Chianti, one of Italy's best-known wines, was born out of central Tuscany. Following my week of walking on the Via Francigena, I had the opportunity to spend a day on a Chianti wine tour learning about the origins of this famous wine.
The tour departed the town of Montecatini Terme, where I was staying, by bus on a Monday morning in October for the one hour and forty-five-minute drive south toward Ricasoli winery.
It's a shorter one and a half hour trip from Florence and just 45 minutes from Siena.
The Ricasoli family has a long and storied history in the Chianti region.
Written records exist as evidence they owned Brolio Castle, a symbol of the region, and produced wine as far back as 1141.
However, it wasn't until 1872 when Baron Bettino Ricasoli, two-time Prime Minister of Italy, came up with the original formula for Chianti wine, now known as Chianti Classico.
Our tour began with a one hour hike through the forest surrounding the castle. It was an easy way to get some physical activity into a day which was otherwise devoted to eating and wine tasting.
Our guide mentioned the trend of increasingly warm autumns and drier rivers in the region as we passed by a small stream and an old stone mill that was no longer in use, a reminder that global warming is affecting wine regions.
On a lighter note, once we'd worked up an appetite, it was time for a traditional lunch at Brolio Castle's restaurant. The interior was open and spacious, with large windows allowing lots of natural light.
We were offered both a Brolio Chianti Classico 2016 as well as an Albia white wine from the estate. I was excited to be drinking Chianti on the land where it was first developed.
Lunch began with a pudding covered in cheese sauce, followed by a main course of pasta with rabbit ragout, and pistachio semifreddo for dessert. And espresso, of course.
Touring Brolio Castle (Castello di Brolio)
Following lunch, we began a tour of Brolio Castle, the second oldest family winery in the world.
Castles always fascinate me, and this one was in remarkably good condition, though it has been destroyed and rebuilt several times over its 900-year history.
I especially liked the contrast of the thick grey outer defensive walls with the thinner red walls of the upper levels and interior structure.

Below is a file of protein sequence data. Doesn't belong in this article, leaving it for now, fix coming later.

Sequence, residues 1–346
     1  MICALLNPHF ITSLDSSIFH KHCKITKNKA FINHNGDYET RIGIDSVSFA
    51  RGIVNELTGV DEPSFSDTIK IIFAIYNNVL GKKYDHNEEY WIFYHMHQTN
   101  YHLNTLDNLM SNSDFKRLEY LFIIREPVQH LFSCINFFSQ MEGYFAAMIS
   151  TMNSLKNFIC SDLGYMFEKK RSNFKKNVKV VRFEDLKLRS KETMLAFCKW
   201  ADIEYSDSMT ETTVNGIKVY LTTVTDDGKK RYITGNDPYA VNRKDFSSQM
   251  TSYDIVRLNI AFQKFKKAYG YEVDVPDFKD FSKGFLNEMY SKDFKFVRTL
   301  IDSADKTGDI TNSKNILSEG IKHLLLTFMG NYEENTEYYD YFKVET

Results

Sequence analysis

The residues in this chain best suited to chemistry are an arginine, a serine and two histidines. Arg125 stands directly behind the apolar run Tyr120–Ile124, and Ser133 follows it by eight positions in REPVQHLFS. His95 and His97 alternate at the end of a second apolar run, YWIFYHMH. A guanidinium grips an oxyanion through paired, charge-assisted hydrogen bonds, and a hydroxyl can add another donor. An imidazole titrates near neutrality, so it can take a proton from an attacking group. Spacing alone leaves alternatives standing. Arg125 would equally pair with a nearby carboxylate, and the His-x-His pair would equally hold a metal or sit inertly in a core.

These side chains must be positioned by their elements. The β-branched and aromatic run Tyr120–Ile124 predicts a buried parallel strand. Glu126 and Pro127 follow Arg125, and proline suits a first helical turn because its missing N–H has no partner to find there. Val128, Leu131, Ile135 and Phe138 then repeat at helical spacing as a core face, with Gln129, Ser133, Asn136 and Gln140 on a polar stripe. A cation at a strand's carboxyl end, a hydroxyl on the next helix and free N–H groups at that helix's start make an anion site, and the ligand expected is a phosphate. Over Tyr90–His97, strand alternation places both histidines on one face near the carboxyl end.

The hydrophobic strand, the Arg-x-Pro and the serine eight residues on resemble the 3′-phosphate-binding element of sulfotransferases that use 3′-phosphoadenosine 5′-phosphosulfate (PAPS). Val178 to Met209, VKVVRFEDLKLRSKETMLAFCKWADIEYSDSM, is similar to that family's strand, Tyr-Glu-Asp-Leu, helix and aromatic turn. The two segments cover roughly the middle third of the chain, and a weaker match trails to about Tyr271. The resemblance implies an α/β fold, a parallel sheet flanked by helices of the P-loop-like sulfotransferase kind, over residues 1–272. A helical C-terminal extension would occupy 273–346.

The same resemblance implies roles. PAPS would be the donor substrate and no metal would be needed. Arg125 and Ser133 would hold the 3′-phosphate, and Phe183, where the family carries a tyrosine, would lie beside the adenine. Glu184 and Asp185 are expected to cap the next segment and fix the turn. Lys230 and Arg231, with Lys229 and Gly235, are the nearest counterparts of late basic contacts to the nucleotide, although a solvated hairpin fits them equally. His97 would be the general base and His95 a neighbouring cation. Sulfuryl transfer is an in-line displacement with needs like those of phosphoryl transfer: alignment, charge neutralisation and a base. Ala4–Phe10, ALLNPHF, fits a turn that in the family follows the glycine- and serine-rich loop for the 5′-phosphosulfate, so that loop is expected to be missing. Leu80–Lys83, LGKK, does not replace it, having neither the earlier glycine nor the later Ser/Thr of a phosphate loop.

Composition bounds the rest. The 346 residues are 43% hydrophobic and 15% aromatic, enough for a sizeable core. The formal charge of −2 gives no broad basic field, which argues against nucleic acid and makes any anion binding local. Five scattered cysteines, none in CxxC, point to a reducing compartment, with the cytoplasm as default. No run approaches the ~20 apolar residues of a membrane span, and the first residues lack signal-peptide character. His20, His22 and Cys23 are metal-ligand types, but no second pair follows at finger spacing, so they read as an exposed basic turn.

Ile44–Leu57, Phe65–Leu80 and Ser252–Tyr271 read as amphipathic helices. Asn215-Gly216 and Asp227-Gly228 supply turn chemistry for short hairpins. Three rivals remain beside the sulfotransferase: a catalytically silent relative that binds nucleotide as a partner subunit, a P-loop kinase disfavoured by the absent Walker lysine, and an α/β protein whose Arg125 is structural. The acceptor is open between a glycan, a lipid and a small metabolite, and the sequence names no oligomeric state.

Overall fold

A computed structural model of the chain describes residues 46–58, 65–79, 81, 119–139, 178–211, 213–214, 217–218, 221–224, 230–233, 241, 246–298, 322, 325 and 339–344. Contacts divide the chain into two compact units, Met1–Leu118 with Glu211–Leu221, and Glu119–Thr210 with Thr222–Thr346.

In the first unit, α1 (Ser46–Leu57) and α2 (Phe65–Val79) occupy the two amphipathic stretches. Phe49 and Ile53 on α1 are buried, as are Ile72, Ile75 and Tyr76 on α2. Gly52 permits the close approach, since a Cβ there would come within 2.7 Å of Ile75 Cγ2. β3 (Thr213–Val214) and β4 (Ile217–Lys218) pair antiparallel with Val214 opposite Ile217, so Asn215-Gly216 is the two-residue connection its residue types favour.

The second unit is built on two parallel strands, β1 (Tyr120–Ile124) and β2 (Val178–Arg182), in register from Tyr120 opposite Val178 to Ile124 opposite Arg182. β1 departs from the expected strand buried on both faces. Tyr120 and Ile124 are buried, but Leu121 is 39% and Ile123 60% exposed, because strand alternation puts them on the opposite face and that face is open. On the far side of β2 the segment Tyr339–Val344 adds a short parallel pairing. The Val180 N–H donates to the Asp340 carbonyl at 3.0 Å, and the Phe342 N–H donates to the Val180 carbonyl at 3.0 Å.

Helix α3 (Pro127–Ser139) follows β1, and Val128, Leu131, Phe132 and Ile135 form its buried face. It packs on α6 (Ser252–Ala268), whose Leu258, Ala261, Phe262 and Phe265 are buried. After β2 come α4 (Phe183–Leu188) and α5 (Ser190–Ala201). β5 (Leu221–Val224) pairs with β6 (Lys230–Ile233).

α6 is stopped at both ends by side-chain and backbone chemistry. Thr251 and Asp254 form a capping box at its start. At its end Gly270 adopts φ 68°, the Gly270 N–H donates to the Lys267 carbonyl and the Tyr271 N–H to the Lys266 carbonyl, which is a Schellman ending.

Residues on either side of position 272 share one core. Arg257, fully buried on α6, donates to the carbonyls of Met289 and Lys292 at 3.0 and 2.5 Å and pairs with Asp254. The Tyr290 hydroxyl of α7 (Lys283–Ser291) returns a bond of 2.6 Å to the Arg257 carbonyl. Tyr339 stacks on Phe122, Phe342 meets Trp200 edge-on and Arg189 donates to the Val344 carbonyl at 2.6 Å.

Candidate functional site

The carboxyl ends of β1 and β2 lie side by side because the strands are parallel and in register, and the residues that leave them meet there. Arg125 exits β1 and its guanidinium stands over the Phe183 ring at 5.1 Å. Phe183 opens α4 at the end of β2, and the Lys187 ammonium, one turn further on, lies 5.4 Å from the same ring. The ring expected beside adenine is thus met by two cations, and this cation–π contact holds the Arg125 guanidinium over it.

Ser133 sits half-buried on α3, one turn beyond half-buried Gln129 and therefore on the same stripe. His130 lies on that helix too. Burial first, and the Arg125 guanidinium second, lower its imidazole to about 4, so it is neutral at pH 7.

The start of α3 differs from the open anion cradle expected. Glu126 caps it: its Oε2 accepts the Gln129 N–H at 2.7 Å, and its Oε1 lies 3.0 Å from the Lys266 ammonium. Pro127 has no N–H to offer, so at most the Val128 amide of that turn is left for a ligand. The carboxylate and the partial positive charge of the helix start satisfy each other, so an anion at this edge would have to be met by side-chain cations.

We entered through a large portal and walked further in until we reached the Chapel of San Jacopo.
Beautiful golden frescos cover the upper walls and ceiling. Beneath the chapel is the family crypt, with a large metal cross and at least 20 members of the Ricasoli family lying in rest.
Next, we visited several interior rooms of the castle, which their elegant wallpaper. There was at least one old portrait of Baron Ricasoli, and many display cases with his mineral and fossil collection from the region. No photos are allowed in these rooms.
The tour continued with a gorgeous view south over the estate, which covers 2,965 acres, of which 593 acres are vineyards, and another 64 acres are olive trees.
Ricasoli winery produces three million barrels of wine per year!
Wine tasting at Enoteca del Castello di Brolio
Our last stop on the Chianti wine tour was a wine tasting in the Brolio Castle's wine shop, a short walk downhill from the castle itself.
We tried three of their award-winning wines, all Chianti Classico:
Castello di Brolio 2015 – made of Sangiovese 90%, Cabernet Sauvignon 5%, and Petit Verdot 5%, and aged 18 months. It was bottled in June 2017.
Brolio Riserva 2015 – made of Sangiovese 80%, Merlot 15%, and Cabernet Sauvignon 5%.
Brolio Classico 2016 – the same that we had with lunch, made of Sangiovese min 80%, Merlot 15%, and Cabernet Sauvignon 5%.
I didn't take notes on which I liked best. However, I'm also not the most discerning wine drinker.
The wine tasting, for me, was just one part of the overall tour. I was there for the experience as a whole, and it had been a wonderful day trip.
Tip: Brolio Castle can't be visited using public transportation, so unless you're renting a car, it's best to pick a tour that includes it on the itinerary.